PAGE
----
Redacted Data and Security

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What is Redaction?

Redaction is the deliberate removal or suppression of words, numbers, phrases, or even graphics from a document to preserve confidentiality. A redacted document may show black overlays where the original text appeared, or the text might be totally removed resulting in ‘white space’.

Redaction Law in the UK

How redactions must appear in the final document is governed by many laws and regulations which vary from country to country. In the United Kingdom, a document released under the FOIA (Freedom of Information Act) requires that redactions must be in black to indicate data which has been supressed, and for each redaction there must be an explanation.

Redaction in the Corporate World

In the commercial world, a business may redact a document with ‘white space’, and show no indication of the redaction, if this is for the suppression of personal data or commercially confidential information. However, such an approach is for the internal governance of that data.

A typical example of such usage would be where the HR department uses redaction to suppress automatically any user printing those parts of an employee file which reference specific classes of personal data, such as those related to an employee’s health. It might be decided that only HR personnel with roles of ‘Manager’ or ‘Director’ may see this data, but an HR Administrator should not – while still requiring sight of the file overall.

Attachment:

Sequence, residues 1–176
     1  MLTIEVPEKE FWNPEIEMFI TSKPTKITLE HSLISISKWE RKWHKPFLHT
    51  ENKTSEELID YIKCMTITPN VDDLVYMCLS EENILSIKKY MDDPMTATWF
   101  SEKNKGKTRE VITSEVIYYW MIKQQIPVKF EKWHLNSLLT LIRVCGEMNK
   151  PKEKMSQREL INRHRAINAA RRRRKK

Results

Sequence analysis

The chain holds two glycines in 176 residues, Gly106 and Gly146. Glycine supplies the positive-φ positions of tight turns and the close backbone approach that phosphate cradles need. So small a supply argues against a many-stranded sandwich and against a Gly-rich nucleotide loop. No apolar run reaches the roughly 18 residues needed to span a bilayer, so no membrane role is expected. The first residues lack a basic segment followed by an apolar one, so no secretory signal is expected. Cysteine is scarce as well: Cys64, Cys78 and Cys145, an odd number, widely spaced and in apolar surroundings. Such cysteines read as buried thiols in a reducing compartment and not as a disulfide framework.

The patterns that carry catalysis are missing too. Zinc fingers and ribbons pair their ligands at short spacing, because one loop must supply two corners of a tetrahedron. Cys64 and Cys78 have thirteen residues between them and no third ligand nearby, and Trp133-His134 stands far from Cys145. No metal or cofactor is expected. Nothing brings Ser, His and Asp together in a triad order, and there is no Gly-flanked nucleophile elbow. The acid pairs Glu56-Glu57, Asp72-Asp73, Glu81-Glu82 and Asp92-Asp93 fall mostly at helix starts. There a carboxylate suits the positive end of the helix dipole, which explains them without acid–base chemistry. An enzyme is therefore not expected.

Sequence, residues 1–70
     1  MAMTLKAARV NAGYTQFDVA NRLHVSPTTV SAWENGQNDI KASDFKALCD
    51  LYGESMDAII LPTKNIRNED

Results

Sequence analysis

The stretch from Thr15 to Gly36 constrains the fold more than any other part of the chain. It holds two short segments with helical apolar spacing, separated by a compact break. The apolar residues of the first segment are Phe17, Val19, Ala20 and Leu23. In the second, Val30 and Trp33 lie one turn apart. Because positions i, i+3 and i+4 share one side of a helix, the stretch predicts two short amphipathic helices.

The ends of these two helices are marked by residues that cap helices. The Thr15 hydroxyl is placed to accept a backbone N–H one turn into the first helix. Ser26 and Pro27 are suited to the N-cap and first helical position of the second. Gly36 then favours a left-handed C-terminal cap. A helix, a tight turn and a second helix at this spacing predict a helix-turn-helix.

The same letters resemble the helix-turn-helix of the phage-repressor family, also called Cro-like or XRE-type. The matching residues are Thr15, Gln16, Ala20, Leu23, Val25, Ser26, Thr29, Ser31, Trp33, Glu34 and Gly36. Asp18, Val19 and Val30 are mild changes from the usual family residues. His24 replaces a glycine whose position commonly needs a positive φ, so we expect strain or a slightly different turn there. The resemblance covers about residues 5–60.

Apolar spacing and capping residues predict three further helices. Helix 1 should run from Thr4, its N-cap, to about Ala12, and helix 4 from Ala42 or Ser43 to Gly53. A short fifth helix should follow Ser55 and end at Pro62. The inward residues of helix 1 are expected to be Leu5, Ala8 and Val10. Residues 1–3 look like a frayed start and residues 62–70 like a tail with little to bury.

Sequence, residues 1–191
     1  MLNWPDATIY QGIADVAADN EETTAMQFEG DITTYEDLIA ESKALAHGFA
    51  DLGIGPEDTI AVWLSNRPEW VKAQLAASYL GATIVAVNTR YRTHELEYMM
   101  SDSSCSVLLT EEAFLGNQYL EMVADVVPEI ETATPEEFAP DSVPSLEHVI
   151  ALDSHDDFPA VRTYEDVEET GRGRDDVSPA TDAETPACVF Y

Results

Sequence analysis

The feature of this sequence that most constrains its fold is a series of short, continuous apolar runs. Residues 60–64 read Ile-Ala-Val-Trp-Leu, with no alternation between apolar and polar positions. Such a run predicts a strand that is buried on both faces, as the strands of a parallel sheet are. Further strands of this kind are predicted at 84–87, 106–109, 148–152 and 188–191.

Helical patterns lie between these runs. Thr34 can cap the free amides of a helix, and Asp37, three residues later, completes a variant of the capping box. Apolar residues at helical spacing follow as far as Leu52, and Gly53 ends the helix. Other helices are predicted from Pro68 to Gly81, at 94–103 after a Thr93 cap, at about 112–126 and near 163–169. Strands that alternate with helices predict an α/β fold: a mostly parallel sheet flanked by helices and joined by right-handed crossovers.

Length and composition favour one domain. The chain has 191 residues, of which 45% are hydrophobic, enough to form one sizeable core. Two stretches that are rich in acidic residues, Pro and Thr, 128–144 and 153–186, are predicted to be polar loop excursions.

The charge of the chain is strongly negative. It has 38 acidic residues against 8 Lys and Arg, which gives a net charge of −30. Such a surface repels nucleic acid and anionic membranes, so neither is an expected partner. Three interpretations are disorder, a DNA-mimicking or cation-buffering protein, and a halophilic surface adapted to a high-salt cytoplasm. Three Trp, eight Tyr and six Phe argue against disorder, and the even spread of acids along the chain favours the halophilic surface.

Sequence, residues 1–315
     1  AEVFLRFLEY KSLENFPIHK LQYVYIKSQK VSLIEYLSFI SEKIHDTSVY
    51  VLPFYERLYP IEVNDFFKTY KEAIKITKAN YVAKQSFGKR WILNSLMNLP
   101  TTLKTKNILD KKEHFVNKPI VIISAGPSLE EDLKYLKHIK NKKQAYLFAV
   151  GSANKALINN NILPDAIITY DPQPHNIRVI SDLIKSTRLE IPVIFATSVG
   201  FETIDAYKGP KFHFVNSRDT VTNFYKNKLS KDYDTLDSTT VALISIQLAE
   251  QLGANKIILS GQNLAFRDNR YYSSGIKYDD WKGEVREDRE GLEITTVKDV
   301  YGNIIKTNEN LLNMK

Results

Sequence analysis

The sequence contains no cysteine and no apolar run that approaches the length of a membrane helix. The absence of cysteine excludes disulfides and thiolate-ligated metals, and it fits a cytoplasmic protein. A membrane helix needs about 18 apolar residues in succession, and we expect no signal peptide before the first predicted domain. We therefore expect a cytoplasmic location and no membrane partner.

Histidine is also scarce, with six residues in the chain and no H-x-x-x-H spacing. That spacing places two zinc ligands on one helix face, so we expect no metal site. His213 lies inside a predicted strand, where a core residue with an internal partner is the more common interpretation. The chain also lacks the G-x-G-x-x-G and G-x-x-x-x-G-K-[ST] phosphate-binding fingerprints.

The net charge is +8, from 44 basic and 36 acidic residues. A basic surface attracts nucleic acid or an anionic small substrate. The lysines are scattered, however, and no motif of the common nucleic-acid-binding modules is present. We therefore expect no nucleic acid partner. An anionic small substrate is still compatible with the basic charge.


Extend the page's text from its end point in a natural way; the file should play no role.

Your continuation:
Redaction and Information Governance

To anyone involved in data protection, information governance, or regulatory compliance, the act of redacting a document is second nature. Unfortunately, all too often, redaction is happening in response to an event and not to prevent that event in the first instance.

Redaction and the GDPR

For many organisations, their first encounter with the process is when responding to a Subject Access Request as a result of their compliance with the GDPR. On the face of it, redaction is simple enough: strike out (obliterate) sensitive or privileged data from a document prior to releasing to a third party. The reality is more complex!

Law firms and government agencies use redaction extensively too, often when endeavouring to control events where a degree of public disclosure is required, while simultaneously needing to prevent classified or commercially sensitive data from being revealed.

The AstraZeneca E.U. Contract Example
Taking a topical example, central to the dispute between the European Union and the British pharmaceutical, AstraZeneca, was their contract which committed AstraZeneca to make ‘best reasonable efforts’ in respect of vaccine production.

The page which contains that phrase has now been revealed, but since the contract itself contains substantial amounts of highly confidential information, much has been rendered unreadable. These redactions were required in order that the E.U. would not cause harm to AstraZeneca’s intellectual property.

Reading Time: 7 minutes

Redacted Data and Information Security
AstraZeneca Redacted Contract ‘Best reasonable efforts’
AstaZeneca Contract Schedule A Best Efforts Redacted
United States of America vs PAUL J. MANAFORT JR.
United States of America vs PAUL J. MANAFORT JR

How Do I Find Out More?

Call the Advanced UK sales team on 01895 811811 to configure your solution.

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Humperdinck Jackman

Humperdinck Jackman – Marketing Director

Humperdinck has a 30-year career spanning Document Management Systems (DMS), data protection, Artificial Intelligence, Data Protection and Robotic Process Automation. With many articles published in print internationally, he believes the advances in office technology are such that we’re entering the 4th Industrial Revolution. Now Director of Marketing and Consulting Services at Advanced UK, he’s as active with clients as he is in endeavouring to write original blog articles.